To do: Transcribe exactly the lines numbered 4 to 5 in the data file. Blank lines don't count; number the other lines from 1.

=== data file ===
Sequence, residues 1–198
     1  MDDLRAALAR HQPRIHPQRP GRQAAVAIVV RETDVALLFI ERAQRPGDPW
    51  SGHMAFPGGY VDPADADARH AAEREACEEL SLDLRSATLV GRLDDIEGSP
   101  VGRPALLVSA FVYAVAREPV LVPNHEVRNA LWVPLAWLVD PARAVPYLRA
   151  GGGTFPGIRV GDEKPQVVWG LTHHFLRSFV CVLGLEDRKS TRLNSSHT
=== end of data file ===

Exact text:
   101  VGRPALLVSA FVYAVAREPV LVPNHEVRNA LWVPLAWLVD PARAVPYLRA
   151  GGGTFPGIRV GDEKPQVVWG LTHHFLRSFV CVLGLEDRKS TRLNSSHT